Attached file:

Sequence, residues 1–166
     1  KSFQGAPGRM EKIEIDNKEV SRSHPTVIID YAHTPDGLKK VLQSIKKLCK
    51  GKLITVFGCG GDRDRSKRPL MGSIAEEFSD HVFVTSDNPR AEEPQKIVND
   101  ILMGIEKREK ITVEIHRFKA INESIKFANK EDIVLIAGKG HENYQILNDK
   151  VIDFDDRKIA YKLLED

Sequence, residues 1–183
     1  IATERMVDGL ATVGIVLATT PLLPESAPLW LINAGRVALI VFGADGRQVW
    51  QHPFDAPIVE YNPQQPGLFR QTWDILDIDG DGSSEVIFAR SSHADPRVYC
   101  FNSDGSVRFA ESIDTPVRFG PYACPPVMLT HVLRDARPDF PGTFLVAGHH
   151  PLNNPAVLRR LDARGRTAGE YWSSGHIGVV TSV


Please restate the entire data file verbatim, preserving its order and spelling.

Sequence, residues 1–166
     1  KSFQGAPGRM EKIEIDNKEV SRSHPTVIID YAHTPDGLKK VLQSIKKLCK
    51  GKLITVFGCG GDRDRSKRPL MGSIAEEFSD HVFVTSDNPR AEEPQKIVND
   101  ILMGIEKREK ITVEIHRFKA INESIKFANK EDIVLIAGKG HENYQILNDK
   151  VIDFDDRKIA YKLLED

Sequence, residues 1–183
     1  IATERMVDGL ATVGIVLATT PLLPESAPLW LINAGRVALI VFGADGRQVW
    51  QHPFDAPIVE YNPQQPGLFR QTWDILDIDG DGSSEVIFAR SSHADPRVYC
   101  FNSDGSVRFA ESIDTPVRFG PYACPPVMLT HVLRDARPDF PGTFLVAGHH
   151  PLNNPAVLRR LDARGRTAGE YWSSGHIGVV TSV